Since before this country’s inception, black people have unwillingly, unwittingly, but absolutely necessarily, served as this republic’s proverbial “canary in the coal mine,” warning the wider — read whiter — public about impending danger. Deeper than a mere warning signal, though, and more to the point, black people have likewise always been the unheeded conscience of America.
The recent revelation of Ronald Reagan’s racist core is the latest case in point. These long hidden telephone tape recordings between the odious Richard Nixon and the still sainted Ronald Reagan, now, at last, have been revealed. These heretofore secret musings by both presidents have not a few Ronald Reagan worshipers clutching their pearls in bewilderment, disillusionment, and, in some hopeless cases, in outright denial of what their ears are actually hearing.
Yet, black people have known about and understood Ronald Reagan’s racism from the get-go. We knew, for example, from his first forays into national politics in the 1960s, as he abandoned his faltering career as a Hollywood B-movie actor, that there was something not quite kosher about this man with the avuncular, “aw shucks” and “gee whiz, mom” disarming persona.
It was at this critical point in history, of course, when the Civil Rights Act of 1964, the voting Rights Act of 1965, and 1968 Fair Housing Act were all vigorously fought over, fiercely debated and finally — finally — enacted. From beginning to end, both Ronald Reagan and Barry Goldwater did not merely oppose, but excoriated and condemned all of these efforts to bring black people fully into the American “family.”
As governor of California, this country’s most populous state, Ronald Reagan demonized and oversaw the destruction of the Black Panther Party in that state, including the railroading of political and social activist, University of California Professor Dr. Angela Davis.
As president, “The Right Reverend” Ronald Reagan preached his racist homiletics from the world’s largest, most politically sacrosanct “bully pulpit,” otherwise and also known as the Office of the President of the United States of America.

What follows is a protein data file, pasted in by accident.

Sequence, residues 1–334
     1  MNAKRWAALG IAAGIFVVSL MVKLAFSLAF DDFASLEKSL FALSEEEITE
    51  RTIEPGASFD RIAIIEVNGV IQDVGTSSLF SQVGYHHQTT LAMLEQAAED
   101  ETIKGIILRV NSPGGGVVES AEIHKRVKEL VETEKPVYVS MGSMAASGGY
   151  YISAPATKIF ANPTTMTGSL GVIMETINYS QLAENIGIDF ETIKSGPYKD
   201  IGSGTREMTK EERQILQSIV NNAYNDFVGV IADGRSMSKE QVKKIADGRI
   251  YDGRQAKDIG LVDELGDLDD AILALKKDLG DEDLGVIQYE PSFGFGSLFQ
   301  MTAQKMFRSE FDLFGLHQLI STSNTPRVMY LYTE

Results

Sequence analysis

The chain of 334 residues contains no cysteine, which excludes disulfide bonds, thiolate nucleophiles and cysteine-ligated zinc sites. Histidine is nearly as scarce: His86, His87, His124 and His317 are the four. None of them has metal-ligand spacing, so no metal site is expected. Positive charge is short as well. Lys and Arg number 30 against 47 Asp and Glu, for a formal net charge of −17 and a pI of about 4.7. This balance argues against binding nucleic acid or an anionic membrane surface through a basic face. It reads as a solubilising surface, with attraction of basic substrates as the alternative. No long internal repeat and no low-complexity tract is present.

- Saint Ronald Reagan gutted the Equal Employment Opportunity Commission.
- Saint Ronald Reagan fought tooth and nail against extension of the Voting Rights Act, after, as noted above, having fought its initial implementation for years. Eventually, under tremendous pressure, he finally did sign the extension into law.
- Saint Ronald Reagan vetoed the Civil Rights Restoration Act (which required all recipients of federal funds to comply with civil rights laws)
- Saint Ronald Reagan vetoed the Comprehensive Anti-Apartheid Act, which imposed economic sanctions on the white minority racist regime of apartheid South Africa. But simply opposing the Act was not good enough for Saint Reagan: He offered as his only reason for opposing it, the patently and demonstrably racist lie that South Africa’s black leader of the anti-apartheid movement and its most famous political prisoner, Nelson Mandela, was not only a Communist but a terrorist to boot. More? Indeed, not satisfied with putting only America on “the wrong side of history,” Saint Reagan even de-fanged a United Nations resolution condemning apartheid.
- Saint Ronald Reagan opposed the creation of a federal holiday honoring Martin Luther King, Jr. Day.
- And, of course, in a purposeful, deliberate and obvious attempt to appeal to white racist voters of the south, Saint Ronald Reagan began his 1980 campaign for the presidency in Philadelphia, Mississippi, the site where three civil rights workers were murdered in 1963.
These were all public acts, policies and positions that the sainted Ronald Reagan proudly took. We no longer have to wonder who this man really was. We now have at least an inkling of what he thought, believed and said behind closed doors.
Black people are not usually ones to say, “I told you so.” But….